Should Catholic parents share 'Soul' with their children? An interview with Fr. Vince Kuna, C.S.C., of Family Theater Productions.
On Christmas Day, Soul, the latest animated film from Disney's Pixar division, came out on the streaming service Disney+. It'd be a stretch to call it a faith-based film, but it definitely deals with big metaphysical themes.
Directed by Pete Docter (Pixar's Up and Inside Out), Soul features Jamie Foxx as the voice of Joe Gardner, a middle-aged middle-school band teacher in New York City who unexpectedly gets a big break in his lifelong quest to be a successful jazz musician.
But before he can take the stage, Joe suffers a mishap. His soul -- a blue, blobby version of Joe, complete with glasses and hat -- winds up on a bridge leading to the pulsing light that he's told is the Great Beyond.
But Joe isn't ready to go into the light, so he manages to escape and winds up in the Great Before. It's a nursery school of sorts for preborn souls (also blue blobby creatures).
There, strange minders who look like moving Picasso drawings and are all named Jerry imprint souls with their personalities and eventually -- provided they've found their "spark" -- propel them down to Earth.
In the Great Before, Joe also meets Number 22, a cranky soul (voice by Tina Fey), who's been avoiding going to Earth for centuries, despite the help of many human mentors (including Mother Teresa).
Soul doesn't say whether the souls arrive in their bodies prior to birth, afterward or simultaneously, neatly sidestepping questions about when human life begins.
While the film has beautiful animation and many charming elements (especially if you love jazz), its cosmology conflicts with Catholic teaching on souls and the afterlife. Also, at one point, a human soul is embodied in an animal.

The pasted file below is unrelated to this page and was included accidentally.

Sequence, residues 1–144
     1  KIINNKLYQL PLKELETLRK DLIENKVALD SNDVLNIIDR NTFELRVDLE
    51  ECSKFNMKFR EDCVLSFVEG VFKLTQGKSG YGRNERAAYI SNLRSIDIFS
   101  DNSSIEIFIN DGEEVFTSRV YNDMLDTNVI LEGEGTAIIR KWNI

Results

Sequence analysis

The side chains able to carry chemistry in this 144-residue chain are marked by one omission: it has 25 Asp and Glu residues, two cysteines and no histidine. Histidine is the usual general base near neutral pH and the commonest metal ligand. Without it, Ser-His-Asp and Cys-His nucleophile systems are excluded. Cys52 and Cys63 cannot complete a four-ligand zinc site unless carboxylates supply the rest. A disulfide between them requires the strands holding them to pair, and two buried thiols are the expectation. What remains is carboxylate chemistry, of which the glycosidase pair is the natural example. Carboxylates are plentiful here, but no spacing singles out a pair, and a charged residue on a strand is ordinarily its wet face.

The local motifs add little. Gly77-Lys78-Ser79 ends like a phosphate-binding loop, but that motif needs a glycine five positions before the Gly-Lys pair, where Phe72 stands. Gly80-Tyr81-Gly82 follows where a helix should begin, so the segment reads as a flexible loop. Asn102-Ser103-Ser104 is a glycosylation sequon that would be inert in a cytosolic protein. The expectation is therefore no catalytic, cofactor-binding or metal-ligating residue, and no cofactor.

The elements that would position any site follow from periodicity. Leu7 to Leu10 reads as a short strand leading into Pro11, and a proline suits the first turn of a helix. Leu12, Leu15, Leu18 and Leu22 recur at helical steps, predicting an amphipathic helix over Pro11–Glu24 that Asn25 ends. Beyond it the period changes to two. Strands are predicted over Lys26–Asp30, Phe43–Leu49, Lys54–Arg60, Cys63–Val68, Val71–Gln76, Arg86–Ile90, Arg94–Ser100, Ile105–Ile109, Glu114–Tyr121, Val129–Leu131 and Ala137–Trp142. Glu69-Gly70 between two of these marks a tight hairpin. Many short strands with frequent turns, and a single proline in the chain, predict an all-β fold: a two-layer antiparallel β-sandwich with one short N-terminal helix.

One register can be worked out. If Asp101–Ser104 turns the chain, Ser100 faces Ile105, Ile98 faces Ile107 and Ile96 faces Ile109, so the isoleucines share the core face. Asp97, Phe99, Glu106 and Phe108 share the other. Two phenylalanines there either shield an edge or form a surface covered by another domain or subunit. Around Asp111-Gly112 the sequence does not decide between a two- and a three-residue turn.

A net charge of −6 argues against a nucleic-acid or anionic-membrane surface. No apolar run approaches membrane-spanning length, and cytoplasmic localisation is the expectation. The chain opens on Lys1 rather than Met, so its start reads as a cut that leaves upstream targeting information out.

So, we turned to Family Theater's producer-at-large Father Vince Kuna, C.S.C., for his perspective on how Catholics might view Soul.
How does Soul's Great Beyond conform to Catholic teaching on the afterlife?
In a sense, no artistic take on the afterlife really conforms to Catholic teaching on Heaven, Purgatory or Hell. The only one thing we can know for sure about Heaven is that it is different. So, paradoxically, the only thing we know about Heaven is what we don’t know.
Consider the passage from the Gospels where Jesus is asked a ridiculous question about a woman lawfully being married and widowed by a succession of seven brothers. Which pair will be the match for Heaven? (Subtext to the question: What is Heaven like?)
Jesus answers “none of them.” Existence in Heaven is different than anything of what we experience on Earth.
What about the Great Before?
In the Great Before, the filmmakers' particular take on when life begins would be the greatest contradiction to Church teaching. The film proposes life begins before conception, and that souls are somehow waiting to inhabit a body.
We don’t need to refer to theology to answer the question. At conception, an unborn baby has the same genetic composition as they do when born, and the same composition they will carry with them through the rest of their life. The soul then would be indicative of God’s continual work, created at the moment life is created: conception.
How about the film's larger themes?
We’ve already considered the afterlife, so I don’t think it gets any “larger” than that.